Cashflow management is one of the biggest problems facing Irish businesses today. A company may well be able to monitor its profit and loss results on a month-to-month basis but regardless of profit forecasts, no business can expect to continue to trade if it is not in control of its cashflow.


To pinpoint the exact problem when it comes to cashflow is difficult – after all, no two companies are the same. However, at DCA Accountants and Business Advisors, we have seen a trend developing where credit control is one function in a lot of companies that falls down – the knock-on effect of course is that day-to-day cashflow management generally falls with it.


There are macro issues at play of course – a shortage of credit in the economy being the primary difficulty. People, it seems, are less willing to give out credit terms these days, the result being that credit is much tighter than before. Therefore, third party contractors are less willing to carry out a job in full before receiving payment. This situation damages the economy as a whole from the point of view there is less and less work being initiated. Without having the cash in place, it therefore becomes irrelevant whether or not a company has the ability to generate profits further down the line.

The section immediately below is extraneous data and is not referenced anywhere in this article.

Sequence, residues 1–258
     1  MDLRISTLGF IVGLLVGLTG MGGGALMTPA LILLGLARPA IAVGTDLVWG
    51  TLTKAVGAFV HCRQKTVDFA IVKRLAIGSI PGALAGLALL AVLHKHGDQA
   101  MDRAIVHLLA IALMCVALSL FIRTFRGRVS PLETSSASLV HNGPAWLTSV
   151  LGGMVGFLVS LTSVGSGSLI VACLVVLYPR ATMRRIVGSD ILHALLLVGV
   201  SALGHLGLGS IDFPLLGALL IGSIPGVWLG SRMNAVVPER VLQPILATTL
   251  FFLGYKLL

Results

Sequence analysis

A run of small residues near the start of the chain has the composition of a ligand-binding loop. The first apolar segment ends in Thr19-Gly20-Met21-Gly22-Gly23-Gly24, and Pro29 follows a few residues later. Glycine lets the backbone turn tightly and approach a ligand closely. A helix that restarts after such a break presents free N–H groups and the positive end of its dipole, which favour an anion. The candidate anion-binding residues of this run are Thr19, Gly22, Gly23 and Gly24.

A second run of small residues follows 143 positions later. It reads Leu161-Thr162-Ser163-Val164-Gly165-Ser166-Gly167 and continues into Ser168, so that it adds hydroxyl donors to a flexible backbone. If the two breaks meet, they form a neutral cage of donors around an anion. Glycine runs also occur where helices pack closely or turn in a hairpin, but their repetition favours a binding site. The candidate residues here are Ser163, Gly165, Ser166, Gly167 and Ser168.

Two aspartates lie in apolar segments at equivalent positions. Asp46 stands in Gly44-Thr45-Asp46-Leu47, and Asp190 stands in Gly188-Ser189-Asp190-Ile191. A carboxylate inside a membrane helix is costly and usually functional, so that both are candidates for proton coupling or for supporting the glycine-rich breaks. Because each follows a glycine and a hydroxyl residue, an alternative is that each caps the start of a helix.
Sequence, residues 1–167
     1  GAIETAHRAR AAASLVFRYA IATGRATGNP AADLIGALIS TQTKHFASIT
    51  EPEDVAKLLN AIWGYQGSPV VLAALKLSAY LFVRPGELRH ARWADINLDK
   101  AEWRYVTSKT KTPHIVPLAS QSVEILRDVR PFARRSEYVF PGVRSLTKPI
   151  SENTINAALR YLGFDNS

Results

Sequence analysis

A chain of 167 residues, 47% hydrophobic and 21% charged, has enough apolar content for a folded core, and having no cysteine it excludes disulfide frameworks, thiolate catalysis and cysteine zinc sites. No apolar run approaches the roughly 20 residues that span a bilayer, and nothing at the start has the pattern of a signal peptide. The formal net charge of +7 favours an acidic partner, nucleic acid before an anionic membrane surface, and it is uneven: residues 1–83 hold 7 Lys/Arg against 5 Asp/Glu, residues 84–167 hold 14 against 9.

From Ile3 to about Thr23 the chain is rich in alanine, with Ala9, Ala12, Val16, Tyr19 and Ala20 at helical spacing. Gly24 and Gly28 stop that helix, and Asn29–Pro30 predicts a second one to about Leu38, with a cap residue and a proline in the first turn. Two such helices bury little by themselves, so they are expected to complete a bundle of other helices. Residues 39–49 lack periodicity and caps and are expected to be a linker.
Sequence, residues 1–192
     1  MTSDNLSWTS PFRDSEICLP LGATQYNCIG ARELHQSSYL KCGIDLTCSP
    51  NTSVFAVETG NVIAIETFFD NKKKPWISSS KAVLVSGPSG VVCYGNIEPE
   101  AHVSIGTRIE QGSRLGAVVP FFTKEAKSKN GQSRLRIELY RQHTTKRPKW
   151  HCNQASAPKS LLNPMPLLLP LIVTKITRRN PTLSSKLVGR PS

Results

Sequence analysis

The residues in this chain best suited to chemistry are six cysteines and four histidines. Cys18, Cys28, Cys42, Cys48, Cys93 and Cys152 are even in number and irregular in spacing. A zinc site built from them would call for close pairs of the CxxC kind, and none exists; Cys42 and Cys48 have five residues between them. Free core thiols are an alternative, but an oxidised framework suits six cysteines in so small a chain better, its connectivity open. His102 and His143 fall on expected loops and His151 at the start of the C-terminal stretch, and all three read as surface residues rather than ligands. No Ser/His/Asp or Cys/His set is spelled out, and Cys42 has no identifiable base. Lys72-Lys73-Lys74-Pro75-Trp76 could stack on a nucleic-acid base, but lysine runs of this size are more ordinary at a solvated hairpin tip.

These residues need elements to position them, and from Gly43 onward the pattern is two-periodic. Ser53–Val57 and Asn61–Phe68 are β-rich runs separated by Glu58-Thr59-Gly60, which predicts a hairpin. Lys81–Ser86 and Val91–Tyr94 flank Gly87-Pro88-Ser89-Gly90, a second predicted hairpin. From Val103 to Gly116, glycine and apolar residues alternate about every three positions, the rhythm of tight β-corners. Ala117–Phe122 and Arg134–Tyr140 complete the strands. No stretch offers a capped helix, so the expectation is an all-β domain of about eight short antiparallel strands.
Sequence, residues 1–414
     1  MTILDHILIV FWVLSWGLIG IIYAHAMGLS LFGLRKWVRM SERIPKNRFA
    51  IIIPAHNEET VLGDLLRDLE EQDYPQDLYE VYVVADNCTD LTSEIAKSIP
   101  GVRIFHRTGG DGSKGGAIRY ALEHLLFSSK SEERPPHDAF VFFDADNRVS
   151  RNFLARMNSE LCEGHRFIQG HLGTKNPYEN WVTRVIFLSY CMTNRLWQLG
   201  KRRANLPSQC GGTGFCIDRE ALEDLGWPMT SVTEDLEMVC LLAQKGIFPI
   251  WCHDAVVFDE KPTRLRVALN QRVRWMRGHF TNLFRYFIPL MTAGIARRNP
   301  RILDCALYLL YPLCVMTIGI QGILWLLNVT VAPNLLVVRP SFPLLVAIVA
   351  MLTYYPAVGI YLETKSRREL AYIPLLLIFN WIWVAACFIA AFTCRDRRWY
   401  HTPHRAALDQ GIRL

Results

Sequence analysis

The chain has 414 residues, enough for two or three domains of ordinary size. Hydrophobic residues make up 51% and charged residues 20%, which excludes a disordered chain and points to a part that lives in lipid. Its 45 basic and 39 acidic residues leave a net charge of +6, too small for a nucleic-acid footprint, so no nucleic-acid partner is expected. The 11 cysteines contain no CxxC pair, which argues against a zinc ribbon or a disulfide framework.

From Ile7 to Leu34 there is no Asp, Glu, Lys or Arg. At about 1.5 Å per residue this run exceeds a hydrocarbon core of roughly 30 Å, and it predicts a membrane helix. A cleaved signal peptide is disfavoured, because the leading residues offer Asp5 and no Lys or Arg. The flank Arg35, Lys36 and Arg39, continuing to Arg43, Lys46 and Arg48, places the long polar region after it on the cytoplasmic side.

There are solutions, however, but it is imperative that directors, managers and business owners alike are aware of the discipline it takes to improve a cashflow situation.


The first step most companies must take is to try to work their credit terms more efficiently – this is what we call ‘The Matching Concept’. In other words, businesses need to match the level of credit that they obtain from their suppliers with the level of credit that they supply to their customers.


I would also strongly recommend that companies appoint a credit controller – someone who is responsible for and dedicated to managing the business’s debtor’s ledger book on a daily basis. By having this system in place, a company can have someone who can answer queries, can input daily updates to the debtor’s ledger, and can stay consistent when it comes to following up outstanding payments, which is very often left on the long finger by business owners themselves.


One of the core functions of the team at DCA Accountants and Business Advisors is to drive home the importance of cashflow management and the effects it can have on the future of our clients’ businesses. In most cases, we prepare cashflow projections for the month ahead and try to help our clients anticipate when and where they will have difficulties in this area. After all, if they are armed with the information, they have the ability to do something about it before it negatively impacts on their company.


We can also manage the debtor’s ledger on behalf of our clients. By appointing a dedicated member of our staff, our clients avoid the expense of having to employ a full-time credit controller, as well as knowing that their outstanding accounts are being followed up and managed on a daily basis, which allows them to concentrate on their core business and of course, to generate more sales.


Whatever your situation when it comes to cashflow management, it’s always wise to remember that if this most important aspect of your business is not managed correctly every day, you are, whether you realise it or not, putting your business in serious jeopardy.


Declan Dolan,


DCA Accountants and Business Advisors